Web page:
A worried mother primate follows her impetuous child through a jungle’s pitfalls and pleasures.
Comical, cartoonlike artwork combines with the rhythm and rhyme of an easy-listening text. Every phrase and every sentence begins with the word “wild,” which makes it giggly fun for little ones. The mother and her androgynous child have bright orange, furry bodies that resemble orangutans, but their faces are humanly expressive. In fact, the clear link between how the mother’s and child’s faces are rendered and what emotions they are feeling makes this a great pick for helping children develop their emotional intelligence. Bold lines and a pastel palette create an excellent rainforest background for the mother and baby as the child fearlessly clambers around limbs and vines and the mother tries to keep up. The child’s wild behavior affects other animals, including bats, elephants, a pangolin, and—uh-oh—a leopard. Careful viewers will notice that the baby had inadvertently swung from the leopard’s tail, and now the leopard is following the baby. At the climax, readers will certainly guess the rhyming word to follow this sequence: “Wild danger! Wild trap! / Wild teeth about to….” The clever resolution to the inevitable “SNAP” is followed by an unexpectedly delightful ending. The artwork’s thoughtful biodiversity adds a dimension beyond the theme of parent-and-child relationships.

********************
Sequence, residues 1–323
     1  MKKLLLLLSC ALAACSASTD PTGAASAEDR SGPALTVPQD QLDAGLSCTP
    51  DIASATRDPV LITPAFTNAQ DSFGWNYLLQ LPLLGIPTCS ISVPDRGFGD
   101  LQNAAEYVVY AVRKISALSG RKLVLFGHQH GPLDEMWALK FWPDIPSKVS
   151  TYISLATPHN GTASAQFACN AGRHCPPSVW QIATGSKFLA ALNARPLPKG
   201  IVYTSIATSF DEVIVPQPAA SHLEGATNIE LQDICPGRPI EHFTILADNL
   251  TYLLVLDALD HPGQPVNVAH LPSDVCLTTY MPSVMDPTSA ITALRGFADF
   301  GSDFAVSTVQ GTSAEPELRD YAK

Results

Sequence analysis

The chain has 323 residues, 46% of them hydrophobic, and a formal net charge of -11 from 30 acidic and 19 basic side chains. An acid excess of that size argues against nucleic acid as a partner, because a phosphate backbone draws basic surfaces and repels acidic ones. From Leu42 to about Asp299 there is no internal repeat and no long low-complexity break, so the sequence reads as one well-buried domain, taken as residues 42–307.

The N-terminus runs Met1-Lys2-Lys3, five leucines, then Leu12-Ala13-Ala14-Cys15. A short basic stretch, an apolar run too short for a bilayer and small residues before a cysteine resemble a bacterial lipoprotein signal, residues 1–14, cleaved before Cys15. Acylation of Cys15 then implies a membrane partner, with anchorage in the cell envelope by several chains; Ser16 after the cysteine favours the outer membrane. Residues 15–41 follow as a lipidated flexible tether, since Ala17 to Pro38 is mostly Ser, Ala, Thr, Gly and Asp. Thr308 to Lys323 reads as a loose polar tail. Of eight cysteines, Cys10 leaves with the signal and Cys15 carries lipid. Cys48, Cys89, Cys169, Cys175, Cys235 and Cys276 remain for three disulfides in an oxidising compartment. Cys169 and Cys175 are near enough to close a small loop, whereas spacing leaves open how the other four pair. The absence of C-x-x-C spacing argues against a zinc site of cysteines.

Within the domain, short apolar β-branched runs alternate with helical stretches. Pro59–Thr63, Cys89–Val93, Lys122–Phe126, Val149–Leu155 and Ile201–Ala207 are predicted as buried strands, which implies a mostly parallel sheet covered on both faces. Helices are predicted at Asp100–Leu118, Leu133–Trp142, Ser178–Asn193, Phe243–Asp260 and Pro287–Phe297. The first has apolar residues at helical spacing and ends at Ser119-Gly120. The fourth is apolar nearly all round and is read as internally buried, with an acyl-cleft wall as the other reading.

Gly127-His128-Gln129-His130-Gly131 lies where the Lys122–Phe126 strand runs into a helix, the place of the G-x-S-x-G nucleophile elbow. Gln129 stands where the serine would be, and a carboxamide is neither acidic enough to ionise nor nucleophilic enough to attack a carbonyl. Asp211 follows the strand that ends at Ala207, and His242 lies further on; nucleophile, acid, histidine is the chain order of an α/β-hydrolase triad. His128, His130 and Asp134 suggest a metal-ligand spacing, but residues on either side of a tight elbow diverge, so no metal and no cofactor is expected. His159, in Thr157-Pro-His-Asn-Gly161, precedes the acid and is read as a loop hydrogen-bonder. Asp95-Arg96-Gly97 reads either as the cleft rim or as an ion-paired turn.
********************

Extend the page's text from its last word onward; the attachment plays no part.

Great for preschool libraries and for bedtime at home. (Picture book. 3-6)